Homeowner's or Renter's Insurance
Renter's or Homeowner's insurance protects your household in the event of fire, theft, or natural disaster. Luckily, there are not multiple types of renter's/homeowner's to choose from. There are only two types: coverage that insures the actual value or coverage that provides you with replacement cost. Actual cost coverage is cheaper because it provides you with a lower amount of coverage. In the event of a claim, your coverage would be for the actual value of your belongings, factoring in depreciation (the price of what you owned in a used state). So, that $500 television you purchased 3 years ago may only be valued at $250. And, that is what you would receive to replace it. A replacement cost policy, on the other hand, will give you enough coverage to replace any lost items with brand new ones.
Most policies will have deductibles. A deductible is the amount of money that you must pay whenever there is an insurance claim. A reasonable deductible can range from $50-$1,500 or more. So, if a tree falls on the roof of your home causing $5,000 in damage, the insurance company will pay $5,000 minus whatever your deductible is. You, of course, have to pay the difference. A higher deductible will result in a lower insurance premium as well as lower coverage. You need to find a balance between the two that you can live with. Above all, choose a deductible that you can reasonably meet in the event of an emergency.
In considering the amount of their deductible, some people will think of this as a form of Self-Insurance. You will be taking responsibility for the deductible amount yourself. In the example above, let's say you save $40 per month on your homeowner's insurance by choosing the $1,000 deductible coverage. After 25 months (just over two years), you will have saved enough to cover the deductible. In order for this to work, you need to have the self-discipline to pay yourself the extra $40 per month into a special savings account. If you don't, you will not have enough money to fix the house after the tree falls on it. The good news is that after 25 months, when your special savings account has the $1,000 deductible in it, you can start putting the extra $40 per month into your pocket!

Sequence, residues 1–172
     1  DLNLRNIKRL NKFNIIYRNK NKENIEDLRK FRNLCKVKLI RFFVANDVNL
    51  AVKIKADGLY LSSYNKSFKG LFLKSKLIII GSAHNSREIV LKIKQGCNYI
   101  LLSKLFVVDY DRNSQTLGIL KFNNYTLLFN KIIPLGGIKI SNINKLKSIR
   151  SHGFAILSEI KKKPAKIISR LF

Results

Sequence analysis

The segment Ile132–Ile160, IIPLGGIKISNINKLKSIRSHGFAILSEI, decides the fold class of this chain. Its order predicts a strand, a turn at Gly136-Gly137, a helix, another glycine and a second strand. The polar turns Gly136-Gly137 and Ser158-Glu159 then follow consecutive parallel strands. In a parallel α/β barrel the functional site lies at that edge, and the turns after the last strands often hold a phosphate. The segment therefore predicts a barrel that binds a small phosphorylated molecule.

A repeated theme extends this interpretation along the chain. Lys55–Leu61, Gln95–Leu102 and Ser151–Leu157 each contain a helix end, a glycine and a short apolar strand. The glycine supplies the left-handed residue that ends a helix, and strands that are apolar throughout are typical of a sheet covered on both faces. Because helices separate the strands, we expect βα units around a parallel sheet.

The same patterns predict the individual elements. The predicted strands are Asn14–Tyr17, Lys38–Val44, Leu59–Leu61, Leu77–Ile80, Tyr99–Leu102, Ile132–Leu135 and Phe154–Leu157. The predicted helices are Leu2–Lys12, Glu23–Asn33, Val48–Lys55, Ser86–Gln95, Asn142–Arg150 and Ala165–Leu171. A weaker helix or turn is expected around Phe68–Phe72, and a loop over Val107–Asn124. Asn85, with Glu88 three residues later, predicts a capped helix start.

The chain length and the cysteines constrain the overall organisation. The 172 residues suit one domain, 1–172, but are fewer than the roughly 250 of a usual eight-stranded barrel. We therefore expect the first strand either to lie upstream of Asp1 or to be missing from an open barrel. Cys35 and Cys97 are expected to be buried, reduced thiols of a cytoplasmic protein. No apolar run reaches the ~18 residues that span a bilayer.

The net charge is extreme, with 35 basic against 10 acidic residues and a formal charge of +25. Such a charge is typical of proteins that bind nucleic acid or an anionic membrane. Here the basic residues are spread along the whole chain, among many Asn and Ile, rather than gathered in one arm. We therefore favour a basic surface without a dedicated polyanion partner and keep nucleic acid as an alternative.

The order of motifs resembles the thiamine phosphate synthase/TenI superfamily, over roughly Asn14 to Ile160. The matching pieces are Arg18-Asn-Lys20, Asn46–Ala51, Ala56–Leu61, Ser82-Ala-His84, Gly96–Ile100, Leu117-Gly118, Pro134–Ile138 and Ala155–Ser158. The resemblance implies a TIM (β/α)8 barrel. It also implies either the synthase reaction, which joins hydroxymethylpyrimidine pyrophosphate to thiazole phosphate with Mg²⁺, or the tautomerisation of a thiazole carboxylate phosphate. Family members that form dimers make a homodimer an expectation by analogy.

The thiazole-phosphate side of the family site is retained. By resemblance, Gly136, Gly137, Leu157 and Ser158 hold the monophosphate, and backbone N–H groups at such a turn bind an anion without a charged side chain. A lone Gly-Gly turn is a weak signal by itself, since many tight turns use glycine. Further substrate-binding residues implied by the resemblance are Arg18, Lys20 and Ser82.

Renter's/Homeowner's insurance will not cover everything. Anything not covered in the policy will be outlined in the exclusion section (the part of the policy document that specifies what is not covered by the policy). Of course, any damage caused by your own negligence or malicious intent would not be covered.
Although renter's and homeowner's insurance are similar there are some important distinctions. In a rental situation, the coverage on the building's structure is separate from the contents of each rental unit. A common misconception is that tenants' personal property will be covered by the landlord's insurance. This is not the case. Another popular misconception is that only one roommate needs to have renter's insurance. Your roommate's policy will not cover your possessions unless you are specifically listed in the coverage.
Similarly, homeowner's insurance imposes limits as a general practice. Homeowner's insurance covers the dwelling, other structures (garages, sheds, etc) on the property, personal property, and loss of use. Other items like your car or boat would not be covered in a standard policy. Any detached structure used for business purposes would also be excluded in a standard policy. Flood coverage is usually not a part of a typical homeowner's/renter's policy, unless the property lies in a flood plane. Even then, you may need to pay extra for special flood coverage as it may not be automatically included in the standard policy. Damage due to earthquakes is typically not covered either. Special earthquake coverage must be purchased separately.